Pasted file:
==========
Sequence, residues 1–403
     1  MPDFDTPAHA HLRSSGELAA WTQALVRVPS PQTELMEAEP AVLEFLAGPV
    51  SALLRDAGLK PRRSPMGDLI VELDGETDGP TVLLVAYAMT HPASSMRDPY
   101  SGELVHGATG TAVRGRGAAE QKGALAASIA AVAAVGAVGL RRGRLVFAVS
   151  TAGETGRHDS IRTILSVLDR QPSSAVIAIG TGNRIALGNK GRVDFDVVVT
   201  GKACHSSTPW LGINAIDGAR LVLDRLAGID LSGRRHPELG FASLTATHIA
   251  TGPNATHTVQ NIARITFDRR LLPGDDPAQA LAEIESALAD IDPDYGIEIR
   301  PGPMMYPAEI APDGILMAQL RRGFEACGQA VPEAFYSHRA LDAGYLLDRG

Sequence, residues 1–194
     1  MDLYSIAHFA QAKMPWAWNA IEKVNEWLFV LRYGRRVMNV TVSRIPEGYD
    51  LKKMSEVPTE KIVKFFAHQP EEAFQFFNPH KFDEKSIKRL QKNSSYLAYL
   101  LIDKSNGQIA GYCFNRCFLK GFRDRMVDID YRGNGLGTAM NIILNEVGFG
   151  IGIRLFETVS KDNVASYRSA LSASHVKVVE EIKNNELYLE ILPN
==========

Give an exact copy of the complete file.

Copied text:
Sequence, residues 1–403
     1  MPDFDTPAHA HLRSSGELAA WTQALVRVPS PQTELMEAEP AVLEFLAGPV
    51  SALLRDAGLK PRRSPMGDLI VELDGETDGP TVLLVAYAMT HPASSMRDPY
   101  SGELVHGATG TAVRGRGAAE QKGALAASIA AVAAVGAVGL RRGRLVFAVS
   151  TAGETGRHDS IRTILSVLDR QPSSAVIAIG TGNRIALGNK GRVDFDVVVT
   201  GKACHSSTPW LGINAIDGAR LVLDRLAGID LSGRRHPELG FASLTATHIA
   251  TGPNATHTVQ NIARITFDRR LLPGDDPAQA LAEIESALAD IDPDYGIEIR
   301  PGPMMYPAEI APDGILMAQL RRGFEACGQA VPEAFYSHRA LDAGYLLDRG

Sequence, residues 1–194
     1  MDLYSIAHFA QAKMPWAWNA IEKVNEWLFV LRYGRRVMNV TVSRIPEGYD
    51  LKKMSEVPTE KIVKFFAHQP EEAFQFFNPH KFDEKSIKRL QKNSSYLAYL
   101  LIDKSNGQIA GYCFNRCFLK GFRDRMVDID YRGNGLGTAM NIILNEVGFG
   151  IGIRLFETVS KDNVASYRSA LSASHVKVVE EIKNNELYLE ILPN